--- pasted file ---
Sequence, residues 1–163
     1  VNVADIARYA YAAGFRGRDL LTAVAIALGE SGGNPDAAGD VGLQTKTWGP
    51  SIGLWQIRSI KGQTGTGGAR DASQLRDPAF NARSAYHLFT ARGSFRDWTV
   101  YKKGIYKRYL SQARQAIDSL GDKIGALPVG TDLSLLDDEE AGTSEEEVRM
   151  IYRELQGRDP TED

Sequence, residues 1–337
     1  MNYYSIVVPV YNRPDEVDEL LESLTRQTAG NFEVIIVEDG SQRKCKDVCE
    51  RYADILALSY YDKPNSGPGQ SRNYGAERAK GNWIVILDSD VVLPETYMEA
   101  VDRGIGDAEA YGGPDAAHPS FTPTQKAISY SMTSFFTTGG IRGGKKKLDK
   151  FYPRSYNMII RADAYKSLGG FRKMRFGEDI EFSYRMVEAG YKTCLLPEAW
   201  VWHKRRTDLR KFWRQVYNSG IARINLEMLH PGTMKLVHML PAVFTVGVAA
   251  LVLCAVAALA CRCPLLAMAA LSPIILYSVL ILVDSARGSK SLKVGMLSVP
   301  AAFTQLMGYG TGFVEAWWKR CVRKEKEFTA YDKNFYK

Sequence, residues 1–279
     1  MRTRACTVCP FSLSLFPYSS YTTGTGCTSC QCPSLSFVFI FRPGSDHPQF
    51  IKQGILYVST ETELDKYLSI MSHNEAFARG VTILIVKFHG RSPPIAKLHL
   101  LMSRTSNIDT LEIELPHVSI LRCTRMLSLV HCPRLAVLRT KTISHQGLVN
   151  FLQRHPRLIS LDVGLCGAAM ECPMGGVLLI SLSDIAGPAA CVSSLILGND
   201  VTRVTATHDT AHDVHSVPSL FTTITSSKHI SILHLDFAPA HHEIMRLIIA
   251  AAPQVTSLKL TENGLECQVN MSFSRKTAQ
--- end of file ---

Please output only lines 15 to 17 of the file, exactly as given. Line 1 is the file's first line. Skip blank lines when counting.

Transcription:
     1  MRTRACTVCP FSLSLFPYSS YTTGTGCTSC QCPSLSFVFI FRPGSDHPQF
    51  IKQGILYVST ETELDKYLSI MSHNEAFARG VTILIVKFHG RSPPIAKLHL
   101  LMSRTSNIDT LEIELPHVSI LRCTRMLSLV HCPRLAVLRT KTISHQGLVN